SG

SG is an unstructured simplex mesh OpenGL display and manipulation tool for use with the finite element research codes MC and PLTMG. SG provides OpenGL-based graphics over UNIX and INET sockets on UNIX/X-based systems, Win32-based systems, and other systems. It can also be used with MCLite as a replacement for MATLAB’s builtin graphics for polygons. SG can read Geomview OFF files and OpenInventor files for polygonal surface descriptions, and it can also read PDB files for molecule descriptions. SG looks and acts somewhat like Geomview, and it mimics most of the basic features and controls of Geomview for displaying polygonal 2-manifolds. Figure SG is designed to mimic the well-known Geomview program from the University of Minnesota’s geometry center, and it uses one of Geomview’s input file formats (the ”OFF” format). Although SG it is quite a bit simpler than Geomview, it has three advantages when compared to Geomview. First, it can take input directly from files, UNIX pipes, UNIX domain sockets, and INET sockets (Geomview cannot take input from INET sockets). Second, it can produce provably correct PostScript renderings of meshes (Geomview uses a baricenter-based front-to-back ordering for the Painter’s algorithm, which often fails for complex meshes; SG uses a linear programming approach which is mathematically guaranteed to work if the picture is paintable with the Painter’s algorithm). Third, it will build and run on Win32 platforms such as Windows 2000, Windows NT, and Windows 98. (Some may actually view this as a disadvantage.) In the case of Win32, SG uses the WINSOCK API for INET socket access. The window-system specific connection to X11 or Win32 is made through ”WGL” extensions to Win32 under NT, or using the SGI ”GLw” widget set on X11 platforms. The graphics in SG is done in an entirely platform-independent manner using OpenGL. This portability is due to SG having been built on top of a portable low-level abstraction library called MALOC (Minimal Abstraction Layer for Object-oriented C). MALOC was written primarily to support the development of MC, but is now also used for SG. Both MALOC and SG are now both used by Randy Bank in the development of his software package PLTMG.


References in zbMATH (referenced in 33 articles , 1 standard article )

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  1. Du, Guangzhi; Zuo, Liyun: A two-grid parallel partition of unity finite element scheme (2019)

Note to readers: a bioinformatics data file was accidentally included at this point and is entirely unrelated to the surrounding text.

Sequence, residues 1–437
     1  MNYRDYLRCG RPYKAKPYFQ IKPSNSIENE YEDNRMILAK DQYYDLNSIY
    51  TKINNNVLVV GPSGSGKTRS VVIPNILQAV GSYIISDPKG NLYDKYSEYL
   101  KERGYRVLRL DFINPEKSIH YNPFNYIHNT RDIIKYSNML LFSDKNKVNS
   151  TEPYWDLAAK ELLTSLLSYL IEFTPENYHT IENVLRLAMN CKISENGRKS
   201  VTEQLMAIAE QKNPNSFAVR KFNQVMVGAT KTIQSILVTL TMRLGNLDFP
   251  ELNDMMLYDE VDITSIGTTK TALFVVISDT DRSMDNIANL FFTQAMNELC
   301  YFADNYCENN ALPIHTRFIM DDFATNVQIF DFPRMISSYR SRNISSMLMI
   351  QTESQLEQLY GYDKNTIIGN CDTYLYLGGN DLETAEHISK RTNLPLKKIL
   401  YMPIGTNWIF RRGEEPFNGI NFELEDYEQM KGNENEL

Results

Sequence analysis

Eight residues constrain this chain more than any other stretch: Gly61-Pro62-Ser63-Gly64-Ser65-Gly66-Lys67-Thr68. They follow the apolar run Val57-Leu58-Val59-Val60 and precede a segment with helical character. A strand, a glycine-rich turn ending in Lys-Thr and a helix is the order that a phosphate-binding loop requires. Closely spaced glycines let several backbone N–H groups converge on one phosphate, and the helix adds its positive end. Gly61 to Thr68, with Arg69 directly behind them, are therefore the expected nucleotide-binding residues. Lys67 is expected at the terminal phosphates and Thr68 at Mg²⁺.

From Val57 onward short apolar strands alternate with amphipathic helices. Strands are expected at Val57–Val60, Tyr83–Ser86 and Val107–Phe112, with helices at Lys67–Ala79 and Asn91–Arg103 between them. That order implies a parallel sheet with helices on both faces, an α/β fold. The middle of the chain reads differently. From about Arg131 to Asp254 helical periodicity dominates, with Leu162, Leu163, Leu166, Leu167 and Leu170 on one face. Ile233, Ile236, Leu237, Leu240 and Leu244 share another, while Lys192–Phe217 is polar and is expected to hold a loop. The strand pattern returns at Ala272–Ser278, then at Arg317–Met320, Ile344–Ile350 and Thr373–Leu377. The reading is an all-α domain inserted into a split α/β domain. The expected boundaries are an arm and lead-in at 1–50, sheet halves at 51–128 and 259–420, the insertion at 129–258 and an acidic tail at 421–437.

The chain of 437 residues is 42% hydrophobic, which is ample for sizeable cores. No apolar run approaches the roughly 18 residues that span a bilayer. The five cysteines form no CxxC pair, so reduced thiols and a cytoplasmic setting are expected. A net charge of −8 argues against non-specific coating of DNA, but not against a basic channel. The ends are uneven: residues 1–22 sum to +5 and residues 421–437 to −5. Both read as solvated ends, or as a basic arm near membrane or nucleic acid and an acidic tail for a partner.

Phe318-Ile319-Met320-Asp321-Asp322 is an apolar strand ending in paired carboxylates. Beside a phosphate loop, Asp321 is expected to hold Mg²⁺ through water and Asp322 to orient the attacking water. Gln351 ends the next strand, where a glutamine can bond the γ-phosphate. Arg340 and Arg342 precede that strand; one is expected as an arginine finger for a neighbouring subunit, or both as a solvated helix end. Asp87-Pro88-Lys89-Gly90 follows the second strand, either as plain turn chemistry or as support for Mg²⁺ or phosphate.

2. Chaudhry, Jehanzeb H.: A posteriori analysis and efficient refinement strategies for the Poisson-Boltzmann equation (2018)
  3. Dong, Xiaojing; He, Yinnian; Wei, Hongbo; Zhang, Yuhong: Local and parallel finite element algorithm based on the partition of unity method for the incompressible MHD flow (2018)
  4. Du, Guangzhi; Zuo, Liyun: A parallel partition of unity scheme based on two-grid discretizations for the Navier-Stokes problem (2018)
  5. Bank, Randolph E.; Deotte, Chris: The influence of partitioning on domain decomposition convergence rates (2017)
  6. Chung, Eric T.; Leung, Wing Tat; Pollock, Sara: Goal-oriented adaptivity for GMsFEM (2016)
  7. Holst, Michael; Pollock, Sara: Convergence of goal-oriented adaptive finite element methods for nonsymmetric problems (2016)
  8. Holst, Michael; Sarbach, Olivier; Tiglio, Manuel; Vallisneri, Michele: The emergence of gravitational wave science: 100 years of development of mathematical theory, detectors, numerical algorithms, and data analysis tools (2016)
  9. Lindblom, Lee; Taylor, Nicholas W.; Rinne, Oliver: Constructing reference metrics on multicube representations of arbitrary manifolds (2016)
  10. Pollock, Sara: An improved method for solving quasi-linear convection diffusion problems on a coarse mesh (2016)
  11. Zheng, Haibiao; Shi, Feng; Hou, Yanren; Zhao, Jianping; Cao, Yong; Zhao, Ren: New local and parallel finite element algorithm based on the partition of unity (2016)
  12. Dassi, Franco; Perotto, Simona; Formaggia, Luca: A priori anisotropic mesh adaptation on implicitly defined surfaces (2015)
  13. Du, Guangzhi; Hou, Yanren: A parallel partition of unity method for the time-dependent convection-diffusion equations (2015)
  14. Holst, Michael; Pollock, Sara; Zhu, Yunrong: Convergence of goal-oriented adaptive finite element methods for semilinear problems (2015)
  15. Zheng, Haibiao; Song, Lina; Hou, Yanren; Zhang, Yuhong: The partition of unity parallel finite element algorithm (2015)
  16. Zheng, Haibiao; Yu, Jiaping; Shi, Feng: Local and parallel finite element algorithm based on the partition of unity for incompressible flows (2015)
  17. Cantwell, Chris D.; Yakovlev, Sergey; Kirby, Robert M.; Peters, Nicholas S.; Sherwin, Spencer J.: High-order spectral/(hp) element discretisation for reaction-diffusion problems on surfaces: application to cardiac electrophysiology (2014)
  18. Li, Chuan; Li, Lin; Petukh, Marharyta; Alexov, Emil: Progress in developing Poisson-Boltzmann equation solvers (2013)
  19. Lu, Benzhuo: Finite element modeling of biomolecular systems in ionic solution (2013)
  20. Aksoylu, Burak; Bond, Stephen D.; Cyr, Eric C.; Holst, Michael: Goal-oriented adaptivity and multilevel preconditioning for the Poisson-Boltzmann equation (2012)

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